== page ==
Think back over the games you have played for a moment and think of what your strongest memories from them are. You may remember the time you defeated a particularly difficult boss or when you finally pwned your friend for the first time, but most of these memories are probably of some particular scene or event. Maybe you remember when the resonance cascade started after Gordon Freeman placed the sample in the test chamber in the original Half-Life, when Aeris fell at the hands of Sephiroth in Final Fantasy VII or when Andrew Ryan handed you his golf club while asking “Would you kindly…” in Bioshock. In short, you remember a part of the story.
The first video games didn’t have stories. You were a big yellow dot running around eating little white dots while evading primary colored ghosts, or you were a short, Italian plumber trying to get to the top of a tower while a giant ape threw barrels at you. There was no story (or at least just the barest trappings of one). Instead, these games were little more than exercises in hand-eye coordination.
In many ways, that is all games are today. Fundamentally, there is little difference between Master Chief shooting Covenant attackers in Halo and the unnamed ship shooting asteroids in Asteroids. Yeah, the graphics have gotten better but the basic gameplay is still evade and shoot. Hand-eye coordination. The difference is that Halo and most other modern games have stories.
Tales of heroism and adventure have been with us for a very long time. One of the first recorded stories is The Epic of Gilgamesh which was written over 4,000 years ago (and had probably been an oral tale before that). The Epic of Gilgamesh tells the story of the god-king Gilgamesh and of his friend and companion Enkidu, their adventures together, Enkidu’s death and Gilgamesh’s subsequent quest for immortality. This story set a pattern that has been repeated countless times since.
American mythologist Joseph Campbell studied myths, legends and stories from around the world and through history and discovered common patterns and themes running through all of them. He wrote of his findings in his book The Hero With a Thousand Faces, the introduction to which includes this quote:
A hero ventures forth from the world of common day into a region of supernatural wonder: fabulous forces are there encountered and a decisive victory is won: the hero comes back from this mysterious adventure with the power to bestow boons on his fellow man.
Campbell called this the “Monomyth” (a term he took from Karl Jung) or “The Hero’s Journey”. Wikipedia, in its entry for The Hero With a Thousand Faces, describes the monomyth this way:
In the monomyth, Campbell describes a number of stages or steps along this journey. The hero starts in the ordinary world and receives a call to enter an unusual world of strange powers and events (a call to adventure). If the hero accepts the call to enter this strange world the hero must face tasks and trials (a road of trials) and may have to face these trials alone or may have assistance. At its most intense, the hero must survive a severe challenge, often with help earned along the journey. If the hero survives the hero may achieve a great gift (the goal or “boon”) which often results in important self-knowledge. The hero must then decide whether to return with this boon (the return to the ordinary world) often facing challenges on the return journey. If the hero is successful in returning, the boon or gift may be used to improve the world (the application of the boon).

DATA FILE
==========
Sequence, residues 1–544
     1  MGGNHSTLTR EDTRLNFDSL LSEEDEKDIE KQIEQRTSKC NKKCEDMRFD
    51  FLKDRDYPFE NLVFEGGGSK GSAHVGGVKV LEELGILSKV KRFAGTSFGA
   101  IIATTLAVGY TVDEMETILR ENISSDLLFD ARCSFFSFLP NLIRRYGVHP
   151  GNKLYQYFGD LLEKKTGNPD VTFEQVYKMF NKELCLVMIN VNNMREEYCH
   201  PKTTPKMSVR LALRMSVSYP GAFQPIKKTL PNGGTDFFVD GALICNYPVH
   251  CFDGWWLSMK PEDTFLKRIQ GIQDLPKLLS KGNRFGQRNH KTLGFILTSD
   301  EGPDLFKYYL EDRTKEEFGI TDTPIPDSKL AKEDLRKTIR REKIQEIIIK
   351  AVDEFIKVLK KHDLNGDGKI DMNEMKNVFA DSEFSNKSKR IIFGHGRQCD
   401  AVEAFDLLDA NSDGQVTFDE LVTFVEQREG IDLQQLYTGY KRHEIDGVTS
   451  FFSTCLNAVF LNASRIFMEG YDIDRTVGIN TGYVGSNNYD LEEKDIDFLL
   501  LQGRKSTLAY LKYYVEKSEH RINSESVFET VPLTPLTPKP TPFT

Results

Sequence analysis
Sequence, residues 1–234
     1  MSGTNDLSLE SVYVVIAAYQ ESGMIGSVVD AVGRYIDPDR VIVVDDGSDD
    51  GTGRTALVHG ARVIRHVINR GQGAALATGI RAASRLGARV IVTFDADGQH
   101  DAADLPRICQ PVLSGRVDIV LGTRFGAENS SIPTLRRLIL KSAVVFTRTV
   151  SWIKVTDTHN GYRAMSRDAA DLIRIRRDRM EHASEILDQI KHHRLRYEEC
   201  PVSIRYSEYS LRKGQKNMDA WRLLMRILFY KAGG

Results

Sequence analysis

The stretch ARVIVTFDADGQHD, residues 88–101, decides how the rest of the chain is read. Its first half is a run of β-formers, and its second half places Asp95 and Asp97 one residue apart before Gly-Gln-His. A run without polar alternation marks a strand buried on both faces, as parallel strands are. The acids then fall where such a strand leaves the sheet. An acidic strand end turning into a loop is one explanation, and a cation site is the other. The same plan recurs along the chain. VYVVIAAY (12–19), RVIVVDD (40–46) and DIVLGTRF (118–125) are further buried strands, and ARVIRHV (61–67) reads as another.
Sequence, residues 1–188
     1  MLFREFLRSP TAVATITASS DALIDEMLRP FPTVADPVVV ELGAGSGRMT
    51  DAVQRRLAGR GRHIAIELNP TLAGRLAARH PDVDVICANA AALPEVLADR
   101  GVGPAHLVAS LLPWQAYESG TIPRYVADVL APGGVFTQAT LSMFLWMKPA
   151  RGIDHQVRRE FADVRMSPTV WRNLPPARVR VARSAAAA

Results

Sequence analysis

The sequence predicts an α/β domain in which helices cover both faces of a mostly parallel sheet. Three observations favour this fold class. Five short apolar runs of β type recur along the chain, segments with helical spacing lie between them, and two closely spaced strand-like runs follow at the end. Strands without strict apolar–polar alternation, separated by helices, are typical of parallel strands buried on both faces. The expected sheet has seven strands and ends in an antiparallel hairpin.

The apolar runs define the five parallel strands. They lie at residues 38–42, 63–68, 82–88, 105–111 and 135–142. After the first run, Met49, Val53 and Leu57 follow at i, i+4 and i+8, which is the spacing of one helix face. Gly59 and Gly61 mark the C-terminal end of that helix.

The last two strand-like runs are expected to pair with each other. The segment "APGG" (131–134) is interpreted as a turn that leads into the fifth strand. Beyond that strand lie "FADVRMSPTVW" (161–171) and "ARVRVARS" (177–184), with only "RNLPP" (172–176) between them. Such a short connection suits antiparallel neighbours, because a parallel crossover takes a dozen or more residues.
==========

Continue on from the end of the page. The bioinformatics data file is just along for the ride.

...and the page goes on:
Almost every story you can think of follows this pattern, from the original Epic of Gilgamesh or The Odyssey to such modern tales as The Lord of the Rings, Star Wars or even the recent Iron Man. Not all of these follow the pattern exactly and even Campbell admits that not all epic tales contain every step of the Hero’s Journey but the vast majority of all memorable tales do.
It seems that all of us are programmed, at some fundamental level, to recognize the Hero’s Journey and to respond to it. For all of recorded history, our stories have told this tale again and again. The setting, the struggle and the hero changes, but the underlying journey remains the same. The hero has a thousand faces, but only one heart.
Which brings us to modern gaming. Our games also follow this pattern. As an example, consider Half-Life 2. Gordon Freeman starts in the normal world (City 17) and receives the Call to Adventure (he meets Barney and Dr. Kleiner). He accepts the challenge (takes the HEV suit and crowbar and heads out into the city) and sets out on the Road of Trials (most of the game, actually) sometimes alone and sometimes with allies (Alex and Dog). He faces a Great Challenge (has his equipment confiscated and is then captured by Dr. Breen) but survives and receives a Great Boon (the improved Gravity Gun) which he uses to improve the world (destroying the dark energy reactor at the top of the Citadel).
This is not to say that Half-Life 2 is derivative or a rip-off of something else. Not at all. Half-Life 2 is simply following the Hero on the same Journey as every other compelling, memorable story that has been told since we first listened to a story being told around a campfire.
We have listened to, read about and watched the stories of the thousand-faced Hero for generations. But now, with gaming, one new factor has been added. We are no longer listening, reading or watching passively. Now, we are the ones leading the Heroes on their journeys.
The Hero now has a 1001st face. And that face is our own.